Buzzwords are an anathema to me. Yes, sometimes a new word or phrase is an improvement on what existed before, but more often than not they are used in an attempt to sound smart or to create a barrier to those not in the know. The more a new word gets thrown around, the more cynical we should be.

 

Sometimes, however, it is worth acknowledging a genuinely good phrase, because premortem is one of the keepers.

 

The idea has been around, slowly building cross-industry recognition (listening to safety supervisor Jim Trodden talk about the importance of the concept on North Sea oil rigs is an eye opener), for over a decade. This slow-drip introduction is a good thing. While fads inevitably fade away through over/misuse, this has crept into oil rigs and marketing departments alike because the concept is (unlike your average buzzword) practical and broadly applicable.

 

The concept might sound familiar to those accustomed to risk assessments, but it takes it further by actively incorporating the ideas of pessimism and dissent (all too often absent from creative and decision making meetings) into the process. As per the Harvard Business Review: “Projects fail at a spectacular rate. One reason is that too many people are reluctant to speak up about their reservations during the all-important planning phase. By making it safe for dissenters who are knowledgeable about the undertaking and worried about its weaknesses to speak up, you can improve a project’s chances of success.”

 

The premortem allows us to be creative about imagining the pratfalls of any given project. It allows us a safe space to be difficult and critical during the planning stage, to anticipate what might go wrong, mitigate the risk and to prevent it being one of the issues that we end up talking about in the postmortem.

 

    • At the start of a premortem, the design project is declared a failure. All stakeholders present need to work out why.

 

    • Everyone involved should be encouraged to write (and not speak, where the usual suspects will dominate the conversation and discourage independent thought) a set number of problems that led to the failure. It is important that they include a reason for each problem, that no-one is allowed to change their own or others work (unedited creative catastrophising is the name of the game!), and that there is a specific time limit, which will help the group to direct their efforts and not self-edit.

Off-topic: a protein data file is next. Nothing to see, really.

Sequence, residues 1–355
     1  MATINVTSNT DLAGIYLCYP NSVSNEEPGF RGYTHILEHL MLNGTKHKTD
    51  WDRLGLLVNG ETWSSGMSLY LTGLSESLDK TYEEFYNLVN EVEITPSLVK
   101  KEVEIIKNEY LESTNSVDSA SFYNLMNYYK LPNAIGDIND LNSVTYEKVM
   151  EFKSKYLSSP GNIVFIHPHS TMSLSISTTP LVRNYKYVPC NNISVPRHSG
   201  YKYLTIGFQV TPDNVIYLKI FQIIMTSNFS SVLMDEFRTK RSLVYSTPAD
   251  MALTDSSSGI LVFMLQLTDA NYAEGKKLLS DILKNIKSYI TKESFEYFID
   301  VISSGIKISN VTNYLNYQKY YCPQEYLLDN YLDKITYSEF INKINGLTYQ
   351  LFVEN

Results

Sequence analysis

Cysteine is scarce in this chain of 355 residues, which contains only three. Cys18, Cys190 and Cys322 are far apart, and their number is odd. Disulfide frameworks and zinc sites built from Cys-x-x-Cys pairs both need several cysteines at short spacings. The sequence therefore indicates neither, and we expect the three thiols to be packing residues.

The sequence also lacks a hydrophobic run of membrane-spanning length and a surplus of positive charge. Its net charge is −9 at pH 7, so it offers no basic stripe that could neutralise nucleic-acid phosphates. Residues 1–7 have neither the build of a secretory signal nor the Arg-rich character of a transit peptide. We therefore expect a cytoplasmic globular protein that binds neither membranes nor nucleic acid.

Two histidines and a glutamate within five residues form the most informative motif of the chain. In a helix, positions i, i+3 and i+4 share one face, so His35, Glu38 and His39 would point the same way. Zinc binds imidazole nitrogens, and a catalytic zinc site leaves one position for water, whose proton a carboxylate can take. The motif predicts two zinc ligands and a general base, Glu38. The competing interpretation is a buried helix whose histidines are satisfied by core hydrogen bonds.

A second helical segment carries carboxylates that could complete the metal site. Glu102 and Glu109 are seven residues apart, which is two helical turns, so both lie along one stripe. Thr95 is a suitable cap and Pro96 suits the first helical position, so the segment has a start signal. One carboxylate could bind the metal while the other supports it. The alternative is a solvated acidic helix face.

• As a group the risk and likelihood of each problem should be discussed.

 

  • Problems with high likelihoods and/or high risk should be carried through. Issues have been highlighted and now the onus is on to mitigate their potential impact. Once these results have been shared, preventative action should be discussed. If possible, a plan of action and responsibility should be created.

 

Obviously the time and effort needed to gather people around the table for a session like this makes it only really worth it for larger projects, but it is precisely these more expensive projects that stand to benefit the most from this pre-emptive work. Large projects are often victims of their own momentum, and this ‘stitch in time to save nine’ ethos (how I’m sure my Nan would’ve understood and described this in far fewer words than I’ve used), helps us to see problems before that momentum gathers too much weight behind it.

 

By Oliver Brown